1. Murder: CIRCUMSTANTIAL EVIDENCE : NEW TRIAL. The deceased, with whose murder the defendant was charged, was found in his office fatally wounded from a pistol shot, the wound and burned condition of the nose and eyelashes indicating that the pistol when discharged must have been placed with the muzzle against the face and under the eyebrow, and the situation of the revolver being such as it might naturally have been if discharged by the deceased himself. But two shots were fired, being about four and one-half seconds apart, both of which were from the revolver found by the side of the deceased; and but two balls were ever discovered, one in the head of the deceased, and the other in the back of defendant. The deceased was a man of good physique, in the vigor of his physical manhood, and capable of preventing a deadly assault with a revolver placed against his face. Held, that the undisputed facts in the case being inconsistent with murder, but consistent with suicide, the burden was upon the state to overcome the presumptions arising from such facts with affirmative proof of the guilt of the defendant, and that, the state having failed to do this, a verdict of murder in the second degree was erroneous.
2. ------:--------:-------. The trial judge in announcing his reasons for overruling the motion for a new trial stated, that if he were the jury trying this case he should render a verdict of not guilty ; that it was possible that the defendant shot the deceased, but not probable ; and that he thought, if there were no appeal, he should set the verdict aside. The remarks of the judge were, at his direction, taken down by the reporter, and were made a part of the record. Held, that the record sufficiently indicated that in the opinion of the district court the verdict was not supported by the evidence, and it was its duty, therefore, upon that ground, to have granted the defendant a new trial as provided by law; and that, having failed to do so, its judgment should for such reason be reversed, independent of the views of the supreme court of the sufficiency of the evidence to sustain the verdict.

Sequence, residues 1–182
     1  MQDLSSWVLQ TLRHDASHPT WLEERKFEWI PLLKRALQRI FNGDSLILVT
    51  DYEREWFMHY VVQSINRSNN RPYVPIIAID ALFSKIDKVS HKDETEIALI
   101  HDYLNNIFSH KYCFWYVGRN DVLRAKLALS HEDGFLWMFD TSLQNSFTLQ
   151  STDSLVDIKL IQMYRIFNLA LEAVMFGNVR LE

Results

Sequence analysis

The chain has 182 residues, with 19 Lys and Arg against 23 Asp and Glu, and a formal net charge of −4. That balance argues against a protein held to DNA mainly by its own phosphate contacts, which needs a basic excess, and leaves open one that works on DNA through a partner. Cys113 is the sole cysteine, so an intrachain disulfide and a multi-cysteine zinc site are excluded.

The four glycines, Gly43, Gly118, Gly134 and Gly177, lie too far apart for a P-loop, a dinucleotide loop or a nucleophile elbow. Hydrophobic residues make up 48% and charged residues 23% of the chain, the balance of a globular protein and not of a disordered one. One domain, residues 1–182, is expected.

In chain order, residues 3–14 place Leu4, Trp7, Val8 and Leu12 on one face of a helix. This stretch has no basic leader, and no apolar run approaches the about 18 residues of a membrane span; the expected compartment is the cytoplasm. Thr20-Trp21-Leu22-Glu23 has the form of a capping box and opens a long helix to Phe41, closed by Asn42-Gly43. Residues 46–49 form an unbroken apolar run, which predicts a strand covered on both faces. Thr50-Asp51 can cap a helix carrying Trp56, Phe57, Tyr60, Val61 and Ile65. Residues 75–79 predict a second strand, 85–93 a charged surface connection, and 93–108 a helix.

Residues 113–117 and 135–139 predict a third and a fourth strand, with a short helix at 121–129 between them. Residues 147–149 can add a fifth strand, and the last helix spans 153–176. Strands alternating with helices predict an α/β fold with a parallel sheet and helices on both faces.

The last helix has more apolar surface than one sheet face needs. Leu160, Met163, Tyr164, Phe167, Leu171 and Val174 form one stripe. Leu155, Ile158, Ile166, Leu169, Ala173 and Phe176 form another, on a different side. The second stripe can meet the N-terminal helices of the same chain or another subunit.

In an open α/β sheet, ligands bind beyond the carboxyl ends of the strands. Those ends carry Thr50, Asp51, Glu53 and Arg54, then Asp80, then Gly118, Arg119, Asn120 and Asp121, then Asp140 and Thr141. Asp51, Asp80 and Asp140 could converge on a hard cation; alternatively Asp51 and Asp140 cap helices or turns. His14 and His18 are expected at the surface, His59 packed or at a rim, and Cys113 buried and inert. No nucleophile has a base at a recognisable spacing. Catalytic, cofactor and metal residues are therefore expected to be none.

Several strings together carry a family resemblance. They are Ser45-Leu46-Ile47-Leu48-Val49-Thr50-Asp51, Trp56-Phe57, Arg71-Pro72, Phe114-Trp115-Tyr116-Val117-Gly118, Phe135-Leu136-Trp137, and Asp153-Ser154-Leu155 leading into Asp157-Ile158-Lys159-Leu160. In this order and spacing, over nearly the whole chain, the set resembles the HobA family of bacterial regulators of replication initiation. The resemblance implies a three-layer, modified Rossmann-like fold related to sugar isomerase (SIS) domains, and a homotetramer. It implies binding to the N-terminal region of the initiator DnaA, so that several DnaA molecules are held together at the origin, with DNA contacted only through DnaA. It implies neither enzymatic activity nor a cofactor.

Appeal from Black Hawk District Court. — Hon. JOHN J. NEY, Judge.
The defendant was indicted for the murder of Willis S. Kingsley on the twenty-first day of December, 1887, in Bremer county. The indictment was tried in Bremer county in 1888, and a verdict was returned of murder of the second degree, and from the judgment thereon, of life imprisonment, the defendant appealed, and the judgment was reversed, and a new trial ordered. The venue of the case was changed to Black Hawk county, where the case was again tried, with a like verdict and judgment, and the defendant again appeals.